IDEAS home Printed from
MyIDEAS: Login to save this paper or follow this series

Banks, the IMF, and the Asian Crisis

  • Bong-Chan Kho
  • Rene M. Stulz

This paper examines the impact of the Asian crisis on bank stocks across four Western countries and six Asian countries. In the second half of 1997, Western banks experienced positive returns. In contrast East Asian bank indices incurred losses in excess of 60% in each of the crisis countries. Most of this poor performance is explained by the exposure of the banks to general stock market movements in their countries. Currency exposures affected banks adversely beyond their stock market impact only in Indonesia and the Philippines. Except for the Korean program, IMF programs had little effect on bank values. The announcement of the Korean program increased shareholder wealth at the U.S. banks with the highest reported exposure in Korea by about 7% and had a favorable effect on bank shareholder wealth in all the countries in our sample but one. There is no evidence that the Korean IMF program had a positive impact on banks without exposure to Korea and hence our results do not support the argument that such programs reduce systemic risk.

If you experience problems downloading a file, check if you have the proper application to view it first. In case of further problems read the IDEAS help page. Note that these files are not on the IDEAS site. Please be patient as the files may be large.

File URL:
Download Restriction: no

Paper provided by National Bureau of Economic Research, Inc in its series NBER Working Papers with number 7361.

in new window

Date of creation: Sep 1999
Date of revision:
Publication status: published as Pacific-Basin Finance Journal, Vol. 8, no. 2 (May 2000): 177-216
Handle: RePEc:nbr:nberwo:7361
Note: IFM
Contact details of provider: Postal: National Bureau of Economic Research, 1050 Massachusetts Avenue Cambridge, MA 02138, U.S.A.
Phone: 617-868-3900
Web page:

More information through EDIRC

References listed on IDEAS
Please report citation or reference errors to , or , if you are the registered author of the cited work, log in to your RePEc Author Service profile, click on "citations" and make appropriate adjustments.:

as in new window
  1. Kathryn L. Dewenter & Alan C. Hess, 1998. "An international comparison of banks' equity returns," Proceedings, Federal Reserve Bank of Cleveland, issue Aug, pages 472-499.
  2. Burnside, Craig & Eichenbaum, Martin & Rebelo, Sérgio, 1999. "Hedging and Financial Fragility in Fixed Exchange Rate Regimes," CEPR Discussion Papers 2171, C.E.P.R. Discussion Papers.
  3. Cornell, Bradford & Shapiro, Alan C., 1986. "The reaction of bank stock prices to the international debt crisis," Journal of Banking & Finance, Elsevier, vol. 10(1), pages 55-73, March.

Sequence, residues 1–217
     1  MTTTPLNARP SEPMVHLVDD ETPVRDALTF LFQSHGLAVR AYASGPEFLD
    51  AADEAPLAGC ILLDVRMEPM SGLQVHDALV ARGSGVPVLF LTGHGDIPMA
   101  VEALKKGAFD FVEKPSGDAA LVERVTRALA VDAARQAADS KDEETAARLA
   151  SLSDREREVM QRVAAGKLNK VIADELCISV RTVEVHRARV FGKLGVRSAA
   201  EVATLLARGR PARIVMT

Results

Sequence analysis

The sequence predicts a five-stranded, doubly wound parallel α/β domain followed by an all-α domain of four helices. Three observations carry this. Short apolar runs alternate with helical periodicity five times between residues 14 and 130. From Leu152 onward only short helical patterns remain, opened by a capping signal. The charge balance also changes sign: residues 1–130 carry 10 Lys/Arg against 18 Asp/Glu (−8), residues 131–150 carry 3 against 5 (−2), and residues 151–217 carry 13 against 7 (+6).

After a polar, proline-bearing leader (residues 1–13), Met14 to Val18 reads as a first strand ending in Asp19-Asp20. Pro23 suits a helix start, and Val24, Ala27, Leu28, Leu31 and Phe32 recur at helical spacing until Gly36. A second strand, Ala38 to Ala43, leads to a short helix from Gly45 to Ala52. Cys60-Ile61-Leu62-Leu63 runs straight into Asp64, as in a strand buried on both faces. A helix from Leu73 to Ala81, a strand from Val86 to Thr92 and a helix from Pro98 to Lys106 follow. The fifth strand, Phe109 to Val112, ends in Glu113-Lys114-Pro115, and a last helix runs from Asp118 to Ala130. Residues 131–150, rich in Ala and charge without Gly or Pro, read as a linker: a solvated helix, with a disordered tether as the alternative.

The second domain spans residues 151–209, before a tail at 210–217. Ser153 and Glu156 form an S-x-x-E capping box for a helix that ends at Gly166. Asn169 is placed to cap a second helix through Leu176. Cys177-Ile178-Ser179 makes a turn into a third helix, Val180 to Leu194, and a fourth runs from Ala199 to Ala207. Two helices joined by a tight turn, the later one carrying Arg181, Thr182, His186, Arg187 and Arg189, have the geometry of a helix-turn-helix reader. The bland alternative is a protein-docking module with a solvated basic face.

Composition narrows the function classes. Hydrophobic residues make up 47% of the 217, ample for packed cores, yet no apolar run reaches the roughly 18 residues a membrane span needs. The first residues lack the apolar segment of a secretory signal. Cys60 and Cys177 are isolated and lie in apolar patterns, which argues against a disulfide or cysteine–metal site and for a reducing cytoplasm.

4. Dewenter, Kathryn L & Hess, Alan C, 1998. "An International Comparison of Banks' Equity Returns," Journal of Money, Credit and Banking, Blackwell Publishing, vol. 30(3), pages 472-92, August.
  5. Jason Furman & Joseph E. Stiglitz, 1998. "Economic Crises: Evidence and Insights from East Asia," Brookings Papers on Economic Activity, Economic Studies Program, The Brookings Institution, vol. 29(2), pages 1-136.
  6. Eichengreen, Barry & Rose, Andrew K, 1998. "Staying Afloat When the Wind Shifts: External Factors and Emerging-Market Banking Crises," CEPR Discussion Papers 1828, C.E.P.R. Discussion Papers.
Full references (including those not matched with items on IDEAS)

This item is not listed on Wikipedia, on a reading list or among the top items on IDEAS.

When requesting a correction, please mention this item's handle: RePEc:nbr:nberwo:7361. See general information about how to correct material in RePEc.

For technical questions regarding this item, or to correct its authors, title, abstract, bibliographic or download information, contact: ()

If you have authored this item and are not yet registered with RePEc, we encourage you to do it here. This allows to link your profile to this item. It also allows you to accept potential citations to this item that we are uncertain about.

If references are entirely missing, you can add them using this form.

If the full references list an item that is present in RePEc, but the system did not link to it, you can help with this form.

If you know of missing items citing this one, you can help us creating those links by adding the relevant references in the same way as above, for each refering item. If you are a registered author of this item, you may also want to check the "citations" tab in your profile, as there may be some citations waiting for confirmation.

Please note that corrections may take a couple of weeks to filter through the various RePEc services.

This information is provided to you by IDEAS at the Research Division of the Federal Reserve Bank of St. Louis using RePEc data.